Growing in the Twin Cities with Backyard Harvest

Building a sustainable (and delicious) urban food system – one yard at a time

What Else You’re Buying Into September 12, 2009

Filed under: Lisa's Blog: Backyard Harvest Garden-owner — Lisa @ 12:44 pm
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Garden General - Early September

[[photo by: WontonBrutality]]

 

The Backyard Harvest program has, so far, proven to be a really amazing experience. At least, speaking from the point of view of a homeowner – we’re hoping that Stefan likes stopping by the garden as much as we look forward to his visits!

And that goes to a point that’s become more clear as the season goes one. Backyard Harvest is a lot more than just getting a garden installed in your yard. As a garden host in the project, you get the harvests from the garden and it’s not dissimilar from a CSA in that way. Sometimes you get a ton of produce, and other years, some plants have a harder time. For example, this has not been the best season for tomatoes, not just for us, but for the whole state. It was cool when it needed to be hot, wet when dry would have been better, and every other alternate that a farmer could struggle against!

One week, we came home and Stefan had added some things from his own home garden to bolster our harvest. Not only was it delicious and very welcome to get a couple of great tomatoes, it was really generous and totally not required on his part. He did it, I think, because he wanted us to have some of the great vegetables that normally pop up this time of year.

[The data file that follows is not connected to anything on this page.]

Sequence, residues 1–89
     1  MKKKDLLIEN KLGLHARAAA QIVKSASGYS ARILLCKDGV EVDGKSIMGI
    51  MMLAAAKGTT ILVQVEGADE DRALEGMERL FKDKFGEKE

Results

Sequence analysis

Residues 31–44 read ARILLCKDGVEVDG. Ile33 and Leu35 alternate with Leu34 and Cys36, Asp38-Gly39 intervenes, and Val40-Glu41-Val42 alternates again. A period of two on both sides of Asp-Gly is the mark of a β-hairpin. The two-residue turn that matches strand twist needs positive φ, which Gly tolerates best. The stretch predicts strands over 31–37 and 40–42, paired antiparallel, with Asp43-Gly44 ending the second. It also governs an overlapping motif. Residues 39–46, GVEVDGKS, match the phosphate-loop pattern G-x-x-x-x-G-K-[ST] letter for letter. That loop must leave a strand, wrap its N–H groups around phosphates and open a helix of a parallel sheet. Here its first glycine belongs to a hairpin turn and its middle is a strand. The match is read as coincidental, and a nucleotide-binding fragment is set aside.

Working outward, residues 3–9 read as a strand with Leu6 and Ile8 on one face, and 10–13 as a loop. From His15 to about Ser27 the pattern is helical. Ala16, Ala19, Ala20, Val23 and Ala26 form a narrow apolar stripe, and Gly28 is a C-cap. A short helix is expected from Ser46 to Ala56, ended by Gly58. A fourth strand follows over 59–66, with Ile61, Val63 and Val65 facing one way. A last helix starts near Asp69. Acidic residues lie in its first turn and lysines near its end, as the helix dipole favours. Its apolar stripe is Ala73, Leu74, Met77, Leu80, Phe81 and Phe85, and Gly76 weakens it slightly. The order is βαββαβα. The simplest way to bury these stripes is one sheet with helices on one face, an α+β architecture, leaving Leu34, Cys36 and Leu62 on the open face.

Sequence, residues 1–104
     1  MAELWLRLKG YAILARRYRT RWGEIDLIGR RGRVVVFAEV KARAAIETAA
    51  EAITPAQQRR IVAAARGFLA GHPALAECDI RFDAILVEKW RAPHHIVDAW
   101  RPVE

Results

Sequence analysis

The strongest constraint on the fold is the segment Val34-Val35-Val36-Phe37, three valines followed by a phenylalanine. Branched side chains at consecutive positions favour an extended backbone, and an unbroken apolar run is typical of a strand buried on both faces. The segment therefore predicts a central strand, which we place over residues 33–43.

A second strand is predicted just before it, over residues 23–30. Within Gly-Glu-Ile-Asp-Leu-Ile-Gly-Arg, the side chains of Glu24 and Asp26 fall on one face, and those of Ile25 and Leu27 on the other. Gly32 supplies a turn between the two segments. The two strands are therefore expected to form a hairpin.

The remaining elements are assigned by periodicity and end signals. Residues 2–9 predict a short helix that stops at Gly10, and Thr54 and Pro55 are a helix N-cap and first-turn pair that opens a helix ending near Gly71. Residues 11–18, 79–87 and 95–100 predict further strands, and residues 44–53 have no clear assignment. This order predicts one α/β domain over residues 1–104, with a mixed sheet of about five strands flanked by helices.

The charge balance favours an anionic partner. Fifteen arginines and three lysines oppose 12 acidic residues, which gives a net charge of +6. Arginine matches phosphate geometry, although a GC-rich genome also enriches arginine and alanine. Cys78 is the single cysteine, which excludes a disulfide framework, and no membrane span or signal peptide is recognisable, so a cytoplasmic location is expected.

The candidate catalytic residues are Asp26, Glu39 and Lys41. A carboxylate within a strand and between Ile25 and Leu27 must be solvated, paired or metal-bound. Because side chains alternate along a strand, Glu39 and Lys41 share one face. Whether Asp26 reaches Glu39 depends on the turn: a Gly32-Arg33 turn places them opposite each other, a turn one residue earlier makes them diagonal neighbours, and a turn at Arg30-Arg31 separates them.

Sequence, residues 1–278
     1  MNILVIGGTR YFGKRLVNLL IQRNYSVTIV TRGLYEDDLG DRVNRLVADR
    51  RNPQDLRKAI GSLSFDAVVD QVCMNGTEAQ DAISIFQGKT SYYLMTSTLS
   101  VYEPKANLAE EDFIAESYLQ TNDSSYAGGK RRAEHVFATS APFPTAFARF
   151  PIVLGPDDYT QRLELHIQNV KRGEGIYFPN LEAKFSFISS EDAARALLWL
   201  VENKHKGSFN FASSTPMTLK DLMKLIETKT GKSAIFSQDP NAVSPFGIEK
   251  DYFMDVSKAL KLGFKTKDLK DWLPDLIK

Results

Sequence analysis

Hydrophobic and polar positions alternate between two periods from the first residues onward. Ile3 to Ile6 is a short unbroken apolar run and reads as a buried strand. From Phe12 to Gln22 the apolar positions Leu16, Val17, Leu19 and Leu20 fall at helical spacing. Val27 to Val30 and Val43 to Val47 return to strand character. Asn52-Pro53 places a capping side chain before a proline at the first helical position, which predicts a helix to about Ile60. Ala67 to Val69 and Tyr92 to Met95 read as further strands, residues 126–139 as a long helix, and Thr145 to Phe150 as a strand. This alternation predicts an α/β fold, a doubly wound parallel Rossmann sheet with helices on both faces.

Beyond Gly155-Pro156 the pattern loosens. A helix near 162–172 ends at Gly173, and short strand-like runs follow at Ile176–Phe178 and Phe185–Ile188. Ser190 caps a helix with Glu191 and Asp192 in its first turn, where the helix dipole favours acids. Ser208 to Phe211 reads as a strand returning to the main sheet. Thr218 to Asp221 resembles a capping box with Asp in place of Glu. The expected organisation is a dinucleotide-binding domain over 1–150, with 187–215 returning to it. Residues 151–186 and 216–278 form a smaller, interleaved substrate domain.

The real effect was, though, that we realized that the project is about knowing your food and using your yard for more than grass, but it’s also very much a group of people excited and passionate and eager to build a community around the idea. We’ve already decided we’re in for next year, and a big part of that is how much we enjoy the people as much as the project.

 

– Lisa in Kingfield

 

 

Sunflower Opening

[[photo by: WontonBrutality]]

The full photo collection for this project is over on Flickr.

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One Response to “What Else You’re Buying Into”

  1. Lisa Says:

    Even though I no longer live in Minnesota, I’ve been following the progress of this garden project throughout your summer.

    This program is a wonderful idea to not only aid in the field of agriculture, but to also, as was mentioned in this post, to educate people about how the things they buy and eat develop and grow.

    Eating fresh, local and seasonal is how many cultures celebrate and enjoy the changing seasons.

    Here’s to sustainable living and to growing and taking only what we need.


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